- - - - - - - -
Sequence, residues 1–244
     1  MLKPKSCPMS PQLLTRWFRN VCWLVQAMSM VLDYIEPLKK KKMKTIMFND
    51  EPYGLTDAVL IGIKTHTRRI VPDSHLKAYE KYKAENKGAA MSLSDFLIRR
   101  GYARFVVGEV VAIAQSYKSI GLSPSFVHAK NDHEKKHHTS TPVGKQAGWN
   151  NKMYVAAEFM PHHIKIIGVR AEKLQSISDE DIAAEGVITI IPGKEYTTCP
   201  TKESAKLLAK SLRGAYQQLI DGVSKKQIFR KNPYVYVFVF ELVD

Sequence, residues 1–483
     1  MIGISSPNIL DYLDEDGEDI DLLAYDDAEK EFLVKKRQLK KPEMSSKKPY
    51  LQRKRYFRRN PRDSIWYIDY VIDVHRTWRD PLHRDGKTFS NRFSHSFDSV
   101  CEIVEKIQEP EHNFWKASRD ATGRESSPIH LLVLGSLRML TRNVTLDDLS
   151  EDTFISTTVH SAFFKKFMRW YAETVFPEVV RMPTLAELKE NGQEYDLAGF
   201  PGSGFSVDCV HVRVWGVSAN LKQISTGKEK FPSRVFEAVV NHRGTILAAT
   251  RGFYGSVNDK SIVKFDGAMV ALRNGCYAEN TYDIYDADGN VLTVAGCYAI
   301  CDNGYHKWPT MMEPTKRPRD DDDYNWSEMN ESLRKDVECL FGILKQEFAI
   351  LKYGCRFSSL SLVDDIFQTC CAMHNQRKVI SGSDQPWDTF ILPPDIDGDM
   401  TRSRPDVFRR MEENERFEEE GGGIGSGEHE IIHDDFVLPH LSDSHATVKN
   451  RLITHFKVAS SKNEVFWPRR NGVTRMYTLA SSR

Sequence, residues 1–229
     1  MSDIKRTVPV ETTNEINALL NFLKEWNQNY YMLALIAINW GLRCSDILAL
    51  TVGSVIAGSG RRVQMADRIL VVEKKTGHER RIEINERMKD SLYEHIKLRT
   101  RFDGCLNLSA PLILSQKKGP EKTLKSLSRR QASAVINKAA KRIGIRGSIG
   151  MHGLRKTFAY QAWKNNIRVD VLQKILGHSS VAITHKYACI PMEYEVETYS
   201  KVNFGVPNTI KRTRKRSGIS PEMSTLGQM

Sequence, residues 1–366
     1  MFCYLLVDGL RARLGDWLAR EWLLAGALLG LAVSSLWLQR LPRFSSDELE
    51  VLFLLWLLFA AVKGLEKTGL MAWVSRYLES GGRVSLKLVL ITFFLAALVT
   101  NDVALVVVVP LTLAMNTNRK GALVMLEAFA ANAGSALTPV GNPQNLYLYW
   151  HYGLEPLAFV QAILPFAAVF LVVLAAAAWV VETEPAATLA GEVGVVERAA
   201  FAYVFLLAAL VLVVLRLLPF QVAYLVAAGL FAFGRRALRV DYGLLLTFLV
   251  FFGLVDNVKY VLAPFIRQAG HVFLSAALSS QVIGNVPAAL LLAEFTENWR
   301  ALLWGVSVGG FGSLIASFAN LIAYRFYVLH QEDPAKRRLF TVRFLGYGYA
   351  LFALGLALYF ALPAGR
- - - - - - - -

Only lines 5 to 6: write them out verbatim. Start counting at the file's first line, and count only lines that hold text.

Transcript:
   151  NKMYVAAEFM PHHIKIIGVR AEKLQSISDE DIAAEGVITI IPGKEYTTCP
   201  TKESAKLLAK SLRGAYQQLI DGVSKKQIFR KNPYVYVFVF ELVD